Understanding Consumers with Google Analytics

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Understanding Consumers with Google Analytics

Post by Max Crowe, Developer with insights from Caterina Merenda, Marketing Specialist, Content

To understand consumer intent and motivation to purchase, brands must learn about consumer actions and patterns on their sites, as well what consumers do before reaching their sites.  With tools like Google Analytics, brands have the opportunity to do just this.


Within Google Analytics, brands can leverage a specific feature, Goals, to track how often visitors perform specific actions on a website. Goals also allows brands to track conversions (e.g. orders placed, newsletter sign-ups, PDF downloads, etc.) and engagement (e.g. amount of minutes user spends browsing a site, amount of pages a visitor views, etc.).

By gathering consumer information on conversions and engagement through Goals, brands can begin to uncover specific types of interactions that users have with a website. So, what types of Goals can brands set up? There are four main categories:

  • Destination: Destination Goals are triggered when a user visits a certain URL. The filters can be toggled to provide results for exact match URLs, broad match URLs, complex matching, case sensitivity and more.
  • Duration: Duration Goals are triggered whenever a user’s session lasts longer than the minimum threshold
  • Pages per Session: Pages per session Goals are triggered whenever a user views more than a certain number of pages in a session. In Google Analytics, a session is a related group of interactions a user has with a single website; it ends when a certain amount of time (typically 30 minutes) elapses since the user’s last action on the site, or when a user re-enters the site from a new marketing channel and thus begins a new session.
  • Event: Event Goals are triggered the first time a user triggers a certain event during a session

Each of these Goals allow brands to identify something new, and possibly eye-opening, about their customer base and visitor retention.


It’s important to understand the value of an organic click, a paid click, an email sign-up and so on. But, it’s impossible to leverage these metrics without knowing what visitors who do these things will do in the future. With Google Analytics’ Advanced Segmentation, this becomes possible.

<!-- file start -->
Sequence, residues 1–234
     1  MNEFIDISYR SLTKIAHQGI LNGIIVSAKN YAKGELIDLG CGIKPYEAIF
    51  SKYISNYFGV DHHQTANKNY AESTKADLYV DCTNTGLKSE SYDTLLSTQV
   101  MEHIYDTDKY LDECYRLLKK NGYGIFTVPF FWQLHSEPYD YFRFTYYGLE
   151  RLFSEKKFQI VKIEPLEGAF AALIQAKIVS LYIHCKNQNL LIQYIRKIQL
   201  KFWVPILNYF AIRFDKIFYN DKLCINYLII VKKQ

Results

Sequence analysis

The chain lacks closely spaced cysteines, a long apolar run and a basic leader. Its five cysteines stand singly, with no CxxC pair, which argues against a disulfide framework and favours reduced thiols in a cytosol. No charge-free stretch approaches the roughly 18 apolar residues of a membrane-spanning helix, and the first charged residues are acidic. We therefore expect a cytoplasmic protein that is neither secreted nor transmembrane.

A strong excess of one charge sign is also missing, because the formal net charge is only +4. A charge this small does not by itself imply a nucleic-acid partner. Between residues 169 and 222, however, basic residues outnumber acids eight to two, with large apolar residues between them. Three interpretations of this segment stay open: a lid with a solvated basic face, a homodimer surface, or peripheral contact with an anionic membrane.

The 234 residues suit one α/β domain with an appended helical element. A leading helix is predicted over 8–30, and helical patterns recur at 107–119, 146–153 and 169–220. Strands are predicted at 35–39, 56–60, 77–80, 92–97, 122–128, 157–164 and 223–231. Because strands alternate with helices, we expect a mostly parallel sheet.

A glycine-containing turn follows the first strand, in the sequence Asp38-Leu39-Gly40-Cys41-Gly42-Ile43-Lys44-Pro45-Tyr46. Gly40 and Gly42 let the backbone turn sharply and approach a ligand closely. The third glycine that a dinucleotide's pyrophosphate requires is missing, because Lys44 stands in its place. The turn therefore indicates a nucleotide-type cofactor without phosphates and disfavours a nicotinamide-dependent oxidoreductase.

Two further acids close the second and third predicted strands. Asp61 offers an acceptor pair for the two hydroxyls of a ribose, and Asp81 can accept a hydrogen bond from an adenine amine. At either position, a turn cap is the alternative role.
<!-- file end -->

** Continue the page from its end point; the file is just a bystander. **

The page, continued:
Within Advanced Segmentation, there are two different types of segments: (1) condition-based segments, which indicates that the order in which users participated in an event (e.g. clicking through to an ad/an organic listing) is unimportant and (2) sequence-based segments, which is the opposite—the order in which the user participated is significant (e.g. clicking on an ad that leads to a video view).

With both of these segmenting options, brands can set up specific dimensions to narrow down their results. Because condition-based segments indicate that the order is insignificant, the filtering capabilities are more along the lines of metrics, whereas the sequence-based segments offer filters that are more relationship-based.


For most websites, simple page view tracking (e.g. interactions with forms, file downloads, video views, etc.) aren’t enough. Fortunately, Google Analytics’ Event Tracking feature allows measurement of actions that may be specific to a given site and can be configured to track practically anything. Unlike Goals and Segments, Event Tracking requires JavaScript code changes to a site.

By leveraging the DOM (Document Object Model), developers can plug-in JavaScript code that runs instead of, or in addition to, what the browser would normally do. Before setting up Event Tracking, it’s crucial to understand and determine exactly how users complete the action that will be tracked. Do they click a specific button? Do they submit a form? If the event is conditional on something, what is it? Once a brand has completed this discovery process, a JavaScript developer will understand how to map the action to the appropriate DOM event and begin sending tracking data to Google Analytics.

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